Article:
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Tax Cuts For The Wealthy
The massive tax cuts that wealthy people get do not eliminate the naturally occurring expenses of our nation. The money has to be made up from somewhere, and whenever the elite class gets a tax cut, it ends up being the middle class that is forced to shoulder the burden.
If you look at the tax code from back in the decades when the United States was fiscally solvent, there were always massive taxes on extreme wealth. These taxes existed to provide incentive to major corporations to invest in their people and maintain a high standard of living for the middle class. This allowed those businesses to show a higher payroll expense and provided them with an obvious means of staying out of the high tax brackets.
Now that there are no longer any high tax brackets, those corporations just keep that money for themselves. Thats why the minimum wage has stagnated for decades and its no longer possible for families to support themselves on a single income.
How Trump Has Betrayed The Working Class
Trumps corporate giveaways and failure to improve the lives of ordinary working Americans are becoming clearer by the day
Trump is remaking the Republican party into what?
For a century the GOP has been bankrolled by big business and Wall Street. Trump wants to keep the money rolling in. His signature tax cut, two years old last Sunday, has helped US corporations score record profits and the stock t reach all-time highs.
To spur even more corporate generosity for the 2020 election, Trump is suggesting more giveaways. Acting chief of staff Mick Mulvaney recently told an assemblage of CEOs that Trump wants to go beyond his 2017 tax cut.
Trump also wants to expand his working-class base. In rallies and countless tweets he claims to be restoring the American working class by holding back immigration and trade.
Most incumbent Republicans and GOP candidates are mimicking Trumps economic nationalism. As Trump consigliere Stephen Bannon boasted recently: Weve turned the Republican party into a working-class party.
Keeping the GOP the Party of Big Money while making it over into the Party of the Working Class is a tricky maneuver, especially at a time when capital and labor are engaged in the most intense economic contest in more than a century because so much wealth and power are going to the top.
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Trying To Tie Access To Basic Health Care To Work
Styna Lane suffers from chronic illnesses that leave her susceptible to joint dislocations, fainting spells and anaphylactic reactions. The 29-year-old from Ohio requires a chest port and relies on Medicaid to cover her prescriptions and treatments, which total more than $4,000 a month. But starting next year, she could lose her Medicaid coverage.
The Trump Administration invited states to apply for waivers that allow them to tie coverage to work requirements, and over a dozen, including Ohio, have done so. Though people with disabilities should be exempt, some who suffer from chronic illness are in a gray area. I know people will combat it with Well, if youre genuinely that ill, youll have no problem getting the exemption. But thats just not how our system works, says Lane, who was previously denied a disability exemption for food stamps. Unfortunately, a lot of people slip through those cracks.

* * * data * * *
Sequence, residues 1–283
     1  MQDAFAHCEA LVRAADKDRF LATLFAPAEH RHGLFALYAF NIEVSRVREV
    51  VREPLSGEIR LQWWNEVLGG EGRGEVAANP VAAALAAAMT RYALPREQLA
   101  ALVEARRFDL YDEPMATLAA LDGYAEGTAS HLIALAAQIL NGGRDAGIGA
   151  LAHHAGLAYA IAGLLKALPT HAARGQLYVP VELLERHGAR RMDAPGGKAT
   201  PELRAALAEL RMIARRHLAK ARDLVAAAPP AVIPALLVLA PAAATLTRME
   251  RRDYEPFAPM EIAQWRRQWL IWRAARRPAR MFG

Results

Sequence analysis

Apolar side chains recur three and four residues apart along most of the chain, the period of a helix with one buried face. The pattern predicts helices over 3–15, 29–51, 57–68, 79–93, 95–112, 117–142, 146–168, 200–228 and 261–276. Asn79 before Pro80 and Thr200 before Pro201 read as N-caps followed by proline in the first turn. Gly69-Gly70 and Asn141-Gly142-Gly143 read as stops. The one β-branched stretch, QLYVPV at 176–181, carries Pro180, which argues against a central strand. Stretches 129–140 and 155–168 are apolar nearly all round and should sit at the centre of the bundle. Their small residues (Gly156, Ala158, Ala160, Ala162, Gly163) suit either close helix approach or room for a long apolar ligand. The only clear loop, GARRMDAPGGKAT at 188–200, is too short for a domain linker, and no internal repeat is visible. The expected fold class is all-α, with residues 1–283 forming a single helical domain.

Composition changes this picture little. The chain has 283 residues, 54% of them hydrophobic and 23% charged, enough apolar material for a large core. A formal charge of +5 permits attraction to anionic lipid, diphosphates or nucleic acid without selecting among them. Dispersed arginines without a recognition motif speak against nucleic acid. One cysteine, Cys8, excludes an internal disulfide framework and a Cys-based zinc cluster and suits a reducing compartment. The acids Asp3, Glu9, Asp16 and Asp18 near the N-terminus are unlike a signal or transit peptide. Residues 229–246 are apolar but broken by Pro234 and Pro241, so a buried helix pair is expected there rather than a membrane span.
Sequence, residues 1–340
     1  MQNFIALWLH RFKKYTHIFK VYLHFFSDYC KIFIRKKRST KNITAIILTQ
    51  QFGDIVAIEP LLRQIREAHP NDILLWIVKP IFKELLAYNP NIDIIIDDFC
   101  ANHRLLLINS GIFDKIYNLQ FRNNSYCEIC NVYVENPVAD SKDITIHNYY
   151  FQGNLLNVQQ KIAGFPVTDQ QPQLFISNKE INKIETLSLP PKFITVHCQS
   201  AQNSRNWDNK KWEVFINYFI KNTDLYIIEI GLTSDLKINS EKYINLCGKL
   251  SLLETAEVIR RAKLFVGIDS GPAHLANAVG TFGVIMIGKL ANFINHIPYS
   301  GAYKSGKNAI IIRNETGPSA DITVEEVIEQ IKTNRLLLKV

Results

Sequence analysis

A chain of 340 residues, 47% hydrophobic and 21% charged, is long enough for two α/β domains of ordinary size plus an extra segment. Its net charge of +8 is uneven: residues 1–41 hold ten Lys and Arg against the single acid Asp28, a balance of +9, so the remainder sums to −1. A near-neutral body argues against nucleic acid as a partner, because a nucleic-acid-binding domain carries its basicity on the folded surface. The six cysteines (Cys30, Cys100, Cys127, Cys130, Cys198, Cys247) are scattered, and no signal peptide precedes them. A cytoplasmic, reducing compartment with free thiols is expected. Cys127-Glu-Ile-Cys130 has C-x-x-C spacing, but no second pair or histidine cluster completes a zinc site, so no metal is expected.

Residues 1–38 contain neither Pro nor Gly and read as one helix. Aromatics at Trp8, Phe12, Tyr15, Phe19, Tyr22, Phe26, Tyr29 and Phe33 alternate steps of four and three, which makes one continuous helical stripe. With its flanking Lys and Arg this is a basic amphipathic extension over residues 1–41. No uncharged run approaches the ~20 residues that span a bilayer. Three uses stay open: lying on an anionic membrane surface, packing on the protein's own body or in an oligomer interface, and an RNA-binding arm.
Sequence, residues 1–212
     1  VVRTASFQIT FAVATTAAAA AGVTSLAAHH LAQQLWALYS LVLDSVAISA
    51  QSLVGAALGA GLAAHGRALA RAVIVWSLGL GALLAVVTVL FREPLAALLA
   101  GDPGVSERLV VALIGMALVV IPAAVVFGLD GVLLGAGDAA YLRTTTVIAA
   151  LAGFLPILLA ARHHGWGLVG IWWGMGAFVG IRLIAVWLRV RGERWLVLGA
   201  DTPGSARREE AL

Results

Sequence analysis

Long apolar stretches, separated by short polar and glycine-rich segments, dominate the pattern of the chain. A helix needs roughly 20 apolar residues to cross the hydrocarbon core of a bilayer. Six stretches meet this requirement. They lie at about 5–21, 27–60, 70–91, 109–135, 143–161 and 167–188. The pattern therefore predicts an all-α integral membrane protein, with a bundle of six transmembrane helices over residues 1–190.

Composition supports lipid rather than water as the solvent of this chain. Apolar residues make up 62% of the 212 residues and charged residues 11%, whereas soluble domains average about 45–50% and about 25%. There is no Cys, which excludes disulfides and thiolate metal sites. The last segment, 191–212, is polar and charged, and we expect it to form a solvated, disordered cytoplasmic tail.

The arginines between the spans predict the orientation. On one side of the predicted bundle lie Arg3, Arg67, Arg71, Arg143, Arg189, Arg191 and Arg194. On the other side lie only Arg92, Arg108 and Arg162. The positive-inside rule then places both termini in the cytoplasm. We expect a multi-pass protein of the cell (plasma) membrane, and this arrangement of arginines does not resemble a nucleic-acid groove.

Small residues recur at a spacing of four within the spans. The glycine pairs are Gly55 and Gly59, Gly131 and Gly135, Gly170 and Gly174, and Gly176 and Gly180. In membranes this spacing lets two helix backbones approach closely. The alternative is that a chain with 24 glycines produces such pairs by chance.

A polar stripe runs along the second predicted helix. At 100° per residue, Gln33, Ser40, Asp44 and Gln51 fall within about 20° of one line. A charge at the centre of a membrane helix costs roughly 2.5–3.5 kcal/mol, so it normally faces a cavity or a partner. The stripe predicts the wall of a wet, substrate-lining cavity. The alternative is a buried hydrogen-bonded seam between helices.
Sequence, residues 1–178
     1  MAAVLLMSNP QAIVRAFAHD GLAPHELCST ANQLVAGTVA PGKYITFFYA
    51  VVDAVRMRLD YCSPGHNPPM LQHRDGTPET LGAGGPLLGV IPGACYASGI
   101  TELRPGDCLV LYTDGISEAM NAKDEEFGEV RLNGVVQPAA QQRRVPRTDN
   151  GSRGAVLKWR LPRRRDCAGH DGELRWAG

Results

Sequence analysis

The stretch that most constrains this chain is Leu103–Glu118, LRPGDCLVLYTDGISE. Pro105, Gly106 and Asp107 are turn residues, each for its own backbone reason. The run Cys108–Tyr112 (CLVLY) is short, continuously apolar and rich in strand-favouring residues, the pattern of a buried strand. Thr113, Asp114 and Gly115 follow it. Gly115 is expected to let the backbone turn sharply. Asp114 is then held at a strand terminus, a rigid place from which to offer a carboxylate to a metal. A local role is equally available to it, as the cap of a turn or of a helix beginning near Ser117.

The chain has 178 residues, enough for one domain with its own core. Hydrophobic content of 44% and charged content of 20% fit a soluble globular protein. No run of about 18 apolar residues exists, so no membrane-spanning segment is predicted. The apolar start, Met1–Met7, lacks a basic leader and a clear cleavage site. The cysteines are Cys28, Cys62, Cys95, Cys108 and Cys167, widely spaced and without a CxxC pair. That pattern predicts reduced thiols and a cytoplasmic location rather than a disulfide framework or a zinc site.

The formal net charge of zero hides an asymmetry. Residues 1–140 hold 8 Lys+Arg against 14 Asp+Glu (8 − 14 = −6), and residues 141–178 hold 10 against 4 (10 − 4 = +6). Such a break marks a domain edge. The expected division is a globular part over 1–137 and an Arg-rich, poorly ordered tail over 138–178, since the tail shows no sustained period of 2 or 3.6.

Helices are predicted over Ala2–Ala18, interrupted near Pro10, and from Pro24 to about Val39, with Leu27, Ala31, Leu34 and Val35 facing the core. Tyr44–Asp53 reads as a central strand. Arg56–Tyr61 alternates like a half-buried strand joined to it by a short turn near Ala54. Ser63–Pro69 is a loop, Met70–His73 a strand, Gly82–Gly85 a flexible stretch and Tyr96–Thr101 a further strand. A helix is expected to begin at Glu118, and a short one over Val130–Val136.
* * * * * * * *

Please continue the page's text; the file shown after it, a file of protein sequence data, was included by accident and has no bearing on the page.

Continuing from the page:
From 2018 to 2020, courts have blocked the Medicaid work requirement in four states. Some courts have ruled that it defeats the primary legislative purpose of Medicaid, to provide health coverage to the poorest Americans.
Most states have put the work requirements on hold, pending the outcome of multiple court battles.
Deterring Travelers From Predominantly Muslim Countries
Judges blocked Trumps first two efforts to enact broad travel restrictions on countries with large Muslim populations, ruling that the Presidents moves likely violated federal immigration statutes. But in June 2018, the Supreme Court ruled 5-4 in favor of Trumps third attempt, allowing him to impose travel restrictions on individuals from seven countries, five of which have Muslim majorities.
Since then, the U.S. State Department has all but stopped issuing visas to people from Libya, Iran, Somalia, Syria and Yemen. The Trump Administration says the travel restrictions were necessary to secure Americas borders.
But critics say the move was designed to paint Muslims as uniquely threatening in a country where right-wing terrorists have been responsible for more deaths since the 9/11 attacks than jihadists. The new restrictions also affect the communal aspect of the Islamic faith, says Robert McCaw of the Council on American-Islamic Relations. There are many inter-generational households that are disrupted when children cannot connect with grandparents, aunts and uncles, he says. And that is an attack on the family structure of Muslims in America.
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Trumps Erratic Actions On Trade And Tariffs Have Only Hurt Workers And Communities
In April 2016, Trump promised, We will keep our jobs and bring in new ones. There will be consequences for the companies that leave the United States only to exploit it later.
Yet the Trump administration has made only a modest update to the North American Free Trade Agreement and has achieved almost none of the United States main objectives with regard to China, most importantly leveling the playing field for American workers. Meanwhile, American businesses and consumers are bearing the financial brunt of the Trump administrations directionless trade war this administrations policies have actually caused a recession in U.S. manufacturing. Jobless rates are rising, and layoffs have continued and even accelerated in some Midwestern states. Farmers, too, are hurting from the trade war, with family farm bankruptcies rising 24 percent in 2019.